Aside from colour, there are plenty of practical points to consider in order to create a successful children’s bedroom scheme. Although a futon atop a Japanese tatami mat for the bed means the room is missing out on an obvious storage opportunity, it suits the inhabitant of this space who has difficulty climbing and is prone to falling out of bed. Ordinarily though, cabin, bunk and trundle drawer beds are perfect for double-duty sleeping and storage, especially in smaller spaces.
Storage for toys and clothes is obviously essential. It can be useful to have shelving options high up out of reach, to house things that require adult supervision, such as paints and felt tips, keeping the lower, accessible shelves for less troublesome items. Anything that encourages easy tidying is a good idea, and in this instance there are simple trugg buckets, the contents of which will no doubt change every so often, in line with the evolving interests of the occupant. Wardrobe units can often be imposing so here they have been painted the same colour as the walls, and even look at first glance as though they have been built in to the alcove, keeping the ‘visual noise’ down. The household bedlinen and towels are also stowed here, making excellent use of the storage facility which would otherwise be overkill for most small people’s clothing collections.
Customising furniture, whether an old vintage gem or new from Ikea, is always a lovely way to add a unique touch to any room. This interior is home to a few upcycled items including a chest of drawers given new handles and a vibrant lick of paint using leftovers from previous furniture projects, home-made upcycled headboards (using a duvet and leftover curtain fabric) to soften the bed corner, and a giant old picture frame covered in fabric scraps. Little ones are never too young to make or appreciate art, so the gallery wall is a combination of family photos, keepsakes and old charity shop finds, and is easy to change up by swapping kids’ art or postcards from grandparents in to the frames.
Gallery walls have been gaining popularity for some time and Pinterest is now full of templates and tutorials for achieving aesthetically pleasing arrangements. The beauty of hanging artwork salon-style (making full use of the space available on a given wall, like the French Salon) is that there is really no need to be precious. When displaying a single picture, we have a tendency to hang too high to properly enjoy, and unless it is of large proportions, can often look lost on a big blank wall. Using the whole wall as a canvas for canvasses, and frames, it is possible to combine both valuable and thrifty pieces together, and in a variety of sizes and shapes to create a high impact statement. The sum is greater than the parts. The pieces may be thematically linked, maybe not. There are no hard and fast rules, although there are a few pointers worth bearing in mind. The less space around and between pictures the better, for fewer gaps and a more clustered effect. It is also worth taking guidance from architectural features such as architraves, window frames, sills, shelves or items of furniture placed against walls, to help identify a good starting point and for logical alignment. Position bolder, graphic images higher up so that more detailed works can be more easily appreciated lower down. Consider changing up the contents of the frames now and again, with children’s artwork, scraps of old wallpaper or textiles, postcards, photographs, charity shop finds, heirloom oils - anything goes. If at first you don't have enough pictures to hang a large selection, even better. Just place what you have so far clustered cosily together, then enjoy gradually growing your collection organically over time, joyfully sprawling outwards to fill the space with meaningful pieces you truly love.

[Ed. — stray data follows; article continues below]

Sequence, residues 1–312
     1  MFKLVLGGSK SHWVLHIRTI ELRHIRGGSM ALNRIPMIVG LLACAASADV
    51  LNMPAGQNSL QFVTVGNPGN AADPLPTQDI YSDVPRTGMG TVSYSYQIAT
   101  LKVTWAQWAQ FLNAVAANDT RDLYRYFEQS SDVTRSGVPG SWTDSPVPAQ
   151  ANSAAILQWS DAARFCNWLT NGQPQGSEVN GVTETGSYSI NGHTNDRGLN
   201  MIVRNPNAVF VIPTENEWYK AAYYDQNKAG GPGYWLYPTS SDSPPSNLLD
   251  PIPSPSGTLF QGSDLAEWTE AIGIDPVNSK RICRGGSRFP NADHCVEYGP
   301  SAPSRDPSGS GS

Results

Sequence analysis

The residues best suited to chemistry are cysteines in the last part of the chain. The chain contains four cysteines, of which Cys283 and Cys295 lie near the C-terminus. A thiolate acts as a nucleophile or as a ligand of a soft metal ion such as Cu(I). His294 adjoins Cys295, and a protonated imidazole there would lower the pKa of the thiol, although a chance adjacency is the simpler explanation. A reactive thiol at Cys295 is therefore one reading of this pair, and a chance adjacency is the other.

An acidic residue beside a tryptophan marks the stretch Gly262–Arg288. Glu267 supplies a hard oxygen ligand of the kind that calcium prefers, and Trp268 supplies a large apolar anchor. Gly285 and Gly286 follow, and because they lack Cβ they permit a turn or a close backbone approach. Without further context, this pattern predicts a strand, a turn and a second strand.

There is no better way to cosy up the home as the cold and dark sets in than to transform a quiet corner into an inviting book nook. Curling up with a good read is the most wholesome of pastimes for the bleaker months. It evokes images of our pre-television Scandinavian counterparts enjoying the Sagas, and other heavy tomes, at the cosiest of firesides during seemingly endless winters.
This book nook I put together has roots in warmer climes and more of a mid-Century modern feel, with the Brazilian design classic BFK butterfly chair and vintage Italian Iguzzini mushroom table lamp. Whether your taste is classic, country or contemporary, the essential ingredients for creating a good book nook are few but choice.
Firstly, a comfortable chair is a must, to enable at least a few chapters to be enjoyed in one sitting. The definition of a seriously comfy seat may vary from one person to another so make sure you are happy with your selection.
A side table of some kind is a practical must-have, to provide a place to put a cup of something warming or a glass of something more celebratory, and any other accessories such as page markers and reading glasses. Positioning a handy table next to a chair also creates a more complete scene, anchoring the chair, so it isn't lost and lonely in the space, and offers up more styling opportunities for placement of candles, plants and objets d’art.
Good light is necessary to prevent eye fatigue, and will also add a gentle warm glow (something interior designers love to add to corners of rooms). Consider investing in a warm white LED bulb with a lower lumen count, as standard bulbs can give a harsh cool light. If the bulb is on view at all, be sure to use an attractive one or cover it with a globe if the lamp-holder allows.
Textiles visually make spaces more cosy, even before you have snuggled down under them. A blanket, cushion or throw will finish off the book nook nicely. Texture is an underused tool in decorating, so embrace a variety of materials. Mine combines leather, wood, metal, glass, paper and wool and the way the low sunlight falls on the detail of the sheepskin texture is most pleasing. Try varying the scale too with chunky cable knits against finer fabrics, for example.
Placement of a book nook is important, but ideally a quiet, incidental spot that perhaps needs an injection of life would be the ideal choice. Under the stairs works well, a spot onthe landing if large enough, or a neglected corner. In open plan living rooms where the furniture is far away from the walls, behind the sofa is a great spot for a separate nook and to liven up the view of the sofa-back. Or simply in the most obvious location of all, the good old fashioned option of armchairs either side of the fireplace.